If you’re concerned about VOCs, you could also get some new houseplants. The spiky Red-edged Dracaena has proven affective at combatting pollutants such as formaldehyde and benzene, found in paints, smoke from fireplaces and synthetic fibres. Try popping one in your living room. The Moth Orchid is a good choice for the bedroom, as it removes the VOC toluene and gives off oxygen, to help you sleep better.

4. Monitor your air quality

Awair-air-monitor-how-to-cut-allergens

Air pollution might conjure up images of smoky factories, but the air inside our homes can be up to five times more polluted than the air outside, and 81% of are at risk of suffering a respiratory or skin condition because of poor air quality in the home. High CO2 levels, for example, can lead to headaches drowsiness and, in extreme cases, coma or death, so it’s important this levels are monitored at all times in smaller homes in particular.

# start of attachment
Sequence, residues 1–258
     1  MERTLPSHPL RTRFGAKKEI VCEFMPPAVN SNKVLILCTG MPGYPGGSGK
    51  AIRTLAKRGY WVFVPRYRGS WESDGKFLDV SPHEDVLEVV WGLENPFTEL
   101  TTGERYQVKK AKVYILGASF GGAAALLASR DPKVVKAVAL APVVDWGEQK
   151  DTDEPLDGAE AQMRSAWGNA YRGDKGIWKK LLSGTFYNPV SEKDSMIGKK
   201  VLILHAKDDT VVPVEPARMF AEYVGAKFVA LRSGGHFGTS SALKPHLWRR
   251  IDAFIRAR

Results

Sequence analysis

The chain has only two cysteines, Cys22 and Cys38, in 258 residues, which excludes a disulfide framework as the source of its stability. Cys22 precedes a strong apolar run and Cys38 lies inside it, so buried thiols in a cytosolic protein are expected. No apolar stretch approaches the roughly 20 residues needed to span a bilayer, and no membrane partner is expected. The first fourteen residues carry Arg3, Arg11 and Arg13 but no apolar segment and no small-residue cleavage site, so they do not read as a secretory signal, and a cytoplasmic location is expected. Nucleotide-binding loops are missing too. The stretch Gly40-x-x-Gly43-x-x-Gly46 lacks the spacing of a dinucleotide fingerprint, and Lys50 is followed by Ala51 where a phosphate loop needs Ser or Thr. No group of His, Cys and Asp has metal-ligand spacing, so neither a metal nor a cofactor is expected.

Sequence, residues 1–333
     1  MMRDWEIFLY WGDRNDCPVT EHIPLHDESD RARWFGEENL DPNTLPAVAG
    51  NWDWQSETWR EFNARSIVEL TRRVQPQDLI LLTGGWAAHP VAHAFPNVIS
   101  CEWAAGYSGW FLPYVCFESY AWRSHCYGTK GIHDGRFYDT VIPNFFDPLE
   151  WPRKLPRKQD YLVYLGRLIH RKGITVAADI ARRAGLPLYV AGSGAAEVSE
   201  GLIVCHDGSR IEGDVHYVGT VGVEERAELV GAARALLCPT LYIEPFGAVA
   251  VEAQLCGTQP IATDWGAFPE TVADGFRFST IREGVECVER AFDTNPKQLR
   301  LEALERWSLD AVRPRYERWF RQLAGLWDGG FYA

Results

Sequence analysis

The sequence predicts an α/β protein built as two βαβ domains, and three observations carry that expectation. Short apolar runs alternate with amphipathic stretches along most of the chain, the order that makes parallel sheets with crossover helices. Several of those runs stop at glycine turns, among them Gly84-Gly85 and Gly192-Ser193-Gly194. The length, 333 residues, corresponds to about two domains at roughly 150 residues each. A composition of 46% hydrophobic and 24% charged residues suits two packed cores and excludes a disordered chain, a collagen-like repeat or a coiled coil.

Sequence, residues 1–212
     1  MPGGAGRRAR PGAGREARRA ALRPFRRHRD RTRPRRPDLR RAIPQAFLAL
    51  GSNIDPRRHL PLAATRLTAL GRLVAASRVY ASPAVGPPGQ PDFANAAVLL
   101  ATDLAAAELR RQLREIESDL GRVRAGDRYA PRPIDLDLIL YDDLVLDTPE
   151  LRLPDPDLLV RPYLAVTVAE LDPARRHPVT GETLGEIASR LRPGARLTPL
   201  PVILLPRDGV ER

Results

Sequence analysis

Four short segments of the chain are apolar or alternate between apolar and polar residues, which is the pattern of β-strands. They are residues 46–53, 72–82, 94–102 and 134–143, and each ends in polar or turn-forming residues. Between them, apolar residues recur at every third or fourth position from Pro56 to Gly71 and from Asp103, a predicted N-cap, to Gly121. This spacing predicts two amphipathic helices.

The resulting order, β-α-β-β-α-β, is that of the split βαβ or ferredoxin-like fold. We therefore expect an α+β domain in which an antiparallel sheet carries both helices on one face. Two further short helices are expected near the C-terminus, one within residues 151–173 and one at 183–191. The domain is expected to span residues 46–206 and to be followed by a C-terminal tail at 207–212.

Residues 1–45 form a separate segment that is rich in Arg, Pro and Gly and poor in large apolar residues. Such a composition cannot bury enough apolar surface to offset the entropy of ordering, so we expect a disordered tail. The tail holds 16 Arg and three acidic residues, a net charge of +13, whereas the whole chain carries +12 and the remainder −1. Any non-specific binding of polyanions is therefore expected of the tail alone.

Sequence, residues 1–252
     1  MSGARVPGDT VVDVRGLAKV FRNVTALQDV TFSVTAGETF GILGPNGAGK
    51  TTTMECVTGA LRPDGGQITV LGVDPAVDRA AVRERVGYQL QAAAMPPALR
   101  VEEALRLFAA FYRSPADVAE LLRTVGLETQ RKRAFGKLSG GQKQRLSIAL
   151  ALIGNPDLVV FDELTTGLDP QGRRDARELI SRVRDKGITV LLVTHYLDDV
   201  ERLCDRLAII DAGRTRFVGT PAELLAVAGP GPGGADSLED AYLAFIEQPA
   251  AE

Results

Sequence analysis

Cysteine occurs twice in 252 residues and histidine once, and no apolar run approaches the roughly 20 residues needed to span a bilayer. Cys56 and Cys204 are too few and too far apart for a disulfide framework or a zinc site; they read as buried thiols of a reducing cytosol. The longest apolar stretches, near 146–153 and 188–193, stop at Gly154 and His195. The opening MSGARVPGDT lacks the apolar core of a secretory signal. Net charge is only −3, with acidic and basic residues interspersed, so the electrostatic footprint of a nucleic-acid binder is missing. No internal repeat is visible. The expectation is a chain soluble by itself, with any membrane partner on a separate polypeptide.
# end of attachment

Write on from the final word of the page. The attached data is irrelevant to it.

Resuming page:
An air monitor will keep tabs on the air quality and send you alerts if it deteriorates, so you can open a window for 15-20 minutes, or take stronger measures to improve your ventilation.

Monitoring temperature, humidity, CO2 levels, chemicals and dust in the air, Awair’s intelligent sensor can help you keep tabs on air quality. It tracks toxins and chemicals in the air and provides personalised recommendations to help individuals stay safe and healthy.

Buy Now: Air monitor, £179.99, Awair

5.  Buy an air purifier